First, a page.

Use this One Easy Basketball Concept & Build a Winning Family Team
As a mom, I find myself regularly searching for new and credible ways to instill winning family concepts in my children. If your children are like mine, they love team sports. You might then consider, like I found myself doing years ago, to highlight parallels between sports and family that address winning team concepts.
When my children were younger, we would mark off a field and spend afternoons playing flag football together. On other days, we might jump into our backyard pool for swim games. In most places where we lived, when neither a pool nor field was conveniently nearby, we would transform small outdoor spaces into basketball courts and while away hours playing on our makeshift parquet. Altogether, my children learned the joy of camaraderie combined with healthy attitudes of competition where they were compelled to do their best.
One simple basketball concept that produces real wins for the family team
I am mother to nine children, which meant that the numbers and ages of children in our home (and on our teams) fluctuated wildly. Most seasons, they easily ranged from pre-school through high school ages. My husband and I had to modify rules of play to allow everyone fair opportunity to contribute and enjoy. The fun we shared is something that increased our family bond. Whether a side won or loss, we could almost always score an event as “Fun to Fun”.
I like using team sport analogies to help my children more deeply understand what it means to function competently within the family. Similarity between families and sporting teams can be helpful when observed through a lens to magnify how the individual can function to benefit the entire group. This article takes one simple concept from basketball and applies it to the family team with the goal of producing real wins for the whole.
Everyone on a team likes to hear the applause and celebrations for having scored. Any casual observation of a good basketball team reveals that one player is typically the scoring dominant. Naturally, the ball finds its way into their hands, increasing odds for that team to win. These players are naturally regarded as stars. The team benefits by winning most of their competitions. The question becomes:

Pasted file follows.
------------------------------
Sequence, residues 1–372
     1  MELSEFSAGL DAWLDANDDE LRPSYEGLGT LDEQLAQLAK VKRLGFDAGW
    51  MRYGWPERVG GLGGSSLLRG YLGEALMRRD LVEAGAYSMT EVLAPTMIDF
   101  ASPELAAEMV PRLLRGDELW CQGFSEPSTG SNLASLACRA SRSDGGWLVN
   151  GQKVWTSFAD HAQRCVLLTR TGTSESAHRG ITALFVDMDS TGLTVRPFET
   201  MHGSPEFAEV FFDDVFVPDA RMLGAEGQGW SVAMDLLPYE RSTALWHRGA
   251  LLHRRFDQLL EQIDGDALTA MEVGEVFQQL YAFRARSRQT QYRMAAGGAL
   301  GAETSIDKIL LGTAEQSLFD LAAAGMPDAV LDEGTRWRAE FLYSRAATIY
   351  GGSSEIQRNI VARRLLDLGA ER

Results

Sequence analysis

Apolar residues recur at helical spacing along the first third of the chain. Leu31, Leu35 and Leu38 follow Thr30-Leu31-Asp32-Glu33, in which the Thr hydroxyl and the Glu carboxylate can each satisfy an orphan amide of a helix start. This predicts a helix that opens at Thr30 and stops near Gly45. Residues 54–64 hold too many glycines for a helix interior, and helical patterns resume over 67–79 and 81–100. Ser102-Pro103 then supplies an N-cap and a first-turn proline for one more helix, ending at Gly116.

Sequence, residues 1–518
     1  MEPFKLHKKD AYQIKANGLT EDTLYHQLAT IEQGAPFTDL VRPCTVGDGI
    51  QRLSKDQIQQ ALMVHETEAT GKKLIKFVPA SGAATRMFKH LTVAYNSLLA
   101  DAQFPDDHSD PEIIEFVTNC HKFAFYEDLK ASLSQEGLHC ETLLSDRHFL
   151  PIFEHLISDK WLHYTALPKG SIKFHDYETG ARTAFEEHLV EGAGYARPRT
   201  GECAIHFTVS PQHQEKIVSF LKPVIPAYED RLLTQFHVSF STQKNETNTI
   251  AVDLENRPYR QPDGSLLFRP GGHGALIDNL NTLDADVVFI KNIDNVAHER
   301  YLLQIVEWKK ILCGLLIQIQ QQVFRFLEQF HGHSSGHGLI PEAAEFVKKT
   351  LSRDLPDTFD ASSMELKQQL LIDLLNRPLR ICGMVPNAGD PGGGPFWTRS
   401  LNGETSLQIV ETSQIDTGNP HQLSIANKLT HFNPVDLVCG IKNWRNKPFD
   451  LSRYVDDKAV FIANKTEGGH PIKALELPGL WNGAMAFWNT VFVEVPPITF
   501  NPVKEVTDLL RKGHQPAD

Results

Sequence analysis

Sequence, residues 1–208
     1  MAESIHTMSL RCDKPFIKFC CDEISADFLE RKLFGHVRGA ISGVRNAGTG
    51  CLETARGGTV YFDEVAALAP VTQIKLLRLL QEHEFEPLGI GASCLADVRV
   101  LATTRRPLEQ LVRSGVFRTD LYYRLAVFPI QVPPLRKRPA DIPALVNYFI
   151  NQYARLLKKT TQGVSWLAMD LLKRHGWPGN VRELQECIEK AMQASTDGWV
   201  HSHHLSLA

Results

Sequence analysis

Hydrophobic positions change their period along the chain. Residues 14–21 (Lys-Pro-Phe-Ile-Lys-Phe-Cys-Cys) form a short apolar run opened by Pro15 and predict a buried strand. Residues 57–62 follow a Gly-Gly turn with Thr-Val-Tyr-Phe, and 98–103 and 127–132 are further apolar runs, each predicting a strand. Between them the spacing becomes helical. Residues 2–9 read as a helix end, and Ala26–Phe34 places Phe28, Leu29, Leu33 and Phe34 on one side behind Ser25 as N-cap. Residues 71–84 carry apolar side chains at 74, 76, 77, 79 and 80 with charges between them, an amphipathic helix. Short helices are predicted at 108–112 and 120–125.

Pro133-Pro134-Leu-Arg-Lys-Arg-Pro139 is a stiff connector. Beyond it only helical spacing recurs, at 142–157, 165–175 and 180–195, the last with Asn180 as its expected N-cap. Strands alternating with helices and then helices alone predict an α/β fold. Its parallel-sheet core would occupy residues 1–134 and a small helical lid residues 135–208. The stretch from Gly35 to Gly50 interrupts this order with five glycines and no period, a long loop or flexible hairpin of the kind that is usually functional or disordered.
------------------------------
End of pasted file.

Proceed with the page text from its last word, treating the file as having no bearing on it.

Does a lead scorer act alone?
The answer to this question considers the player who has a key job of supplying lead scorers with the ball. This person is acknowledged as the one to critically perform "the assist”. These are sometimes players whose roles are easily overlooked. They tend to be less flamboyant in this singular duty, yet swift-handed enough to masterfully analyze the play and then to adroitly manipulate the ball, getting into the hands of their lead scorers. I try helping my children to identify these pivotal people during a game. When they consistently perform good assists, the team realizes more frequent victory.
For a period, I remember marveling at the talents of one Robert Horry, a basketball player who graced the Houston Rockets and the San Antonio Spurs teams with his magnificent talent. Horry was known for his bulls-eye long-range shooting skills, but I remember him also for his fast-action assists (over 2,000 recorded during his career in which he earned 7 championships). He would unselfishly and strategically feed the ball to other players for the score. Without his regular assists, his teams could not have emerged as champions - lead scorers would not have accomplished their specific scoring goals.
Applying this concept to my family, each of our children would be given specific goals (responsibilities; chores) to regularly fulfill. We acknowledged them for jobs that had been done well. Often, if we were in a time crunch to finish household chores, we would encourage them to help (play the assist role) for one another to complete various tasks. They witnessed firsthand how their direct support to a sibling helped the family team. Their unselfish assist would move us all more rapidly towards our goal of less time spent on work and more at fun. It often meant that we could leave home earlier for an offsite diversion or that we could spend even more time in play at home. Whatever benefit was gained, it always proved to be a win-win situation.
This powerful lesson of teaching children to play “The Assist” is one way they can grow to be author of their own success as well as contributor to that of another. The massive lesson is that helping the family move toward victory produces gains for everyone. Try teaching your children this one concept from basketball and then watch them orchestrate wins, bonding your entire family team towards empowering victory.